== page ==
Lee Myung-se: I do remember being very excited talking about that project back then, even though it was a long time ago. An awful lot has happened since but long story short there was a conflict between money and creativity. Ultimately, if I cannot have creative autonomy on a project then that's a wall that cannot be climbed over and in the case of Mr. K I wasn't going to be allowed to create the film I wanted to create. So, sadly, myself and prospective investors had to agree to disagree and leave the project alone entirely. Mind you, each time I see a spy or espionage movie released and realise it's becoming a hit with audiences, my mind does tend to step back to how much I wanted to make Mr. K. It would definitely have been a "better than James Bond" spy film [Lee Myung-se laughs]. To put it in more accurate terms, the failure of such a project can be as a result of a conflict between big data and one person's individual desires. Investors and film companies would really want a film that hits all the check boxes that are derived from big data - what does well, what do people want - whereas as an individual I have something far more specific that I want to do regardless of demographics or predicted trends, and sometimes... often in fact... those two sides just cannot reach agreement.
As an example, if you look at Netflix, it is making numerous series and features entirely out of big data derived information, such as House of cards etc. and the thing is these series do well. So, now the industry is seeing this as almost gospel and relying on machines far more than belief in creativity. With this set to continue and increase, I actually worry about whether creativity will suffer more and more and become less important to some and I question whether we can ultimately come out on top if things stay the way they are.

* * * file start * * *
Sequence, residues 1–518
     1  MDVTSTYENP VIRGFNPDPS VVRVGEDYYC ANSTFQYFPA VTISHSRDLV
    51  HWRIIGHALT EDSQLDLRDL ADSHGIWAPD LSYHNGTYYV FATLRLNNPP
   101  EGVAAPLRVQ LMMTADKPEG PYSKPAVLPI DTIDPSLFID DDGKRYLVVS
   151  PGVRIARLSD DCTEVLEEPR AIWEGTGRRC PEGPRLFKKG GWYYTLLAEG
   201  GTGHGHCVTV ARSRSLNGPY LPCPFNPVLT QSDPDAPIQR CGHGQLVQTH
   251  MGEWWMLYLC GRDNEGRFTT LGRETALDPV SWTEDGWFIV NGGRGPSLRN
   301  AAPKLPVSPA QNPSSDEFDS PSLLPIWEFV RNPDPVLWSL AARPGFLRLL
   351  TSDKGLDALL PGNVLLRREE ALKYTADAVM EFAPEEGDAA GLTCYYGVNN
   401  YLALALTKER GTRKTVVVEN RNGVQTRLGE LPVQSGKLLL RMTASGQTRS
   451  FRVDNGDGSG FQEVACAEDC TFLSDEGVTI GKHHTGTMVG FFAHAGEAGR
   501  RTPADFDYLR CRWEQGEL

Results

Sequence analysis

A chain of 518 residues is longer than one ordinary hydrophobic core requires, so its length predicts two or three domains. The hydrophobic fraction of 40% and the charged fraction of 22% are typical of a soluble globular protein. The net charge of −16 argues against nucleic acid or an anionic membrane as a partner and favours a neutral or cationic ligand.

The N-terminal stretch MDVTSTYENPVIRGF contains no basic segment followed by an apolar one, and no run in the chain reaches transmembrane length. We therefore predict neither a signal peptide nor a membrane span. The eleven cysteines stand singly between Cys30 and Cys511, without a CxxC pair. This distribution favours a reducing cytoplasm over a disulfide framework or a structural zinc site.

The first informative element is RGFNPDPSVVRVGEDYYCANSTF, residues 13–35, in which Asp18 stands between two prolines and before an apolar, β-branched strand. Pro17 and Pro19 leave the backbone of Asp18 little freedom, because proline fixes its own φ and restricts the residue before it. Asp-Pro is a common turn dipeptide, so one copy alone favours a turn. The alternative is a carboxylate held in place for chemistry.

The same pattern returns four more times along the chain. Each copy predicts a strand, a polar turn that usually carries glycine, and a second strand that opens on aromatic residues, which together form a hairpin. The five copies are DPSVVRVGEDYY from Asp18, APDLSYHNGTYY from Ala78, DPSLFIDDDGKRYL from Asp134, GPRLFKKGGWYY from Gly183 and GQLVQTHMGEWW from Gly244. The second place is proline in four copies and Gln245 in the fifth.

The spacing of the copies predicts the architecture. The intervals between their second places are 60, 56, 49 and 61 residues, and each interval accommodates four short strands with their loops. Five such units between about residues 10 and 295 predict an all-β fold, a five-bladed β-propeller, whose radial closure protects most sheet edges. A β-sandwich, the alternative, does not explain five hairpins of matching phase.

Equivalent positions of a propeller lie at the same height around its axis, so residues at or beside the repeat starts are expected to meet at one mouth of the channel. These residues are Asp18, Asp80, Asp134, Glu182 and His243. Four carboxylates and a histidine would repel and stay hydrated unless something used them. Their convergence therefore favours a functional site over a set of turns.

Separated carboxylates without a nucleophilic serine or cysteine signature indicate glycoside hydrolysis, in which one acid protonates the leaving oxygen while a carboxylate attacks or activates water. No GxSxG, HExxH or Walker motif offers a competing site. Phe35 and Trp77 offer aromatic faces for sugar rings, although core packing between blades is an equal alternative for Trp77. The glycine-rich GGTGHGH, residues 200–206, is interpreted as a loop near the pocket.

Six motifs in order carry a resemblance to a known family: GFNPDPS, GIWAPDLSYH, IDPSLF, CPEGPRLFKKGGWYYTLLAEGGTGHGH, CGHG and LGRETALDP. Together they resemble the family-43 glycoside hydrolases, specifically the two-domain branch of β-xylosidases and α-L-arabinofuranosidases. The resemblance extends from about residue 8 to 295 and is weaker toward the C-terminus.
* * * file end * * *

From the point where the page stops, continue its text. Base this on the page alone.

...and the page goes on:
The media is also creating the vibe that this is the way the industry should be because there are lots of things going on and lots of successes. They believe we need the machines and so people start to rely on machines but I just know if people realise the seriousness of that and to me it feels that things are becoming more totalitarian. It's not just the politics, but that blinkered mindset is sadly seeping into the film industry as well.

Mini Mini Movie: I also interviewed you back in 2012 and you spoke about the music in your films, especially the opening scene in Nowhere to Hide but also in your films M and My Love, My Bride you've used songs by the Beatles and Cliff Richard. I wondered if it was difficult to get the rights to those songs, or was it a different situation in Korea in terms of the channels you have to go through to get permission to use music? And also, was there ever a piece of music you wanted to use that you couldn't get permission for?

Lee Myung-se: I will answer your second question first: No, actually, I have always managed to get all of the songs I have wanted to use but increasingly it's becoming more difficult as rates are rising dramatically and that is why I have taken to listening to classical music which is entirely in the public domain. In terms of your first question, until 1996 there was no established law in Korea on intellectual property. Everything was up for grabs, you could use whatever you wanted, but once the intellectual property law came into force you obviously had to start paying royalties and people would charge more. The reason I used popular songs in my films was because I wanted to speak the common language and there are lots of things in culture that speak that common language - like manga, like animation, popular music and even magazine covers - and I wanted that element that people would instantly understand in my films. Obviously, the intellectual property of an individual must be respected but, when it comes down to it, it is the conglomerates that control those rights. So, while artists want their songs to be heard by as many people as possible, that's not always the case for big companies with a focus entirely on profit. For example, in Korea as we approach the Christmas period we used to be able to hear Christmas carols in the street but nowadays we can't. So, some things are disappearing but people don't realise and I feel we need to fight back.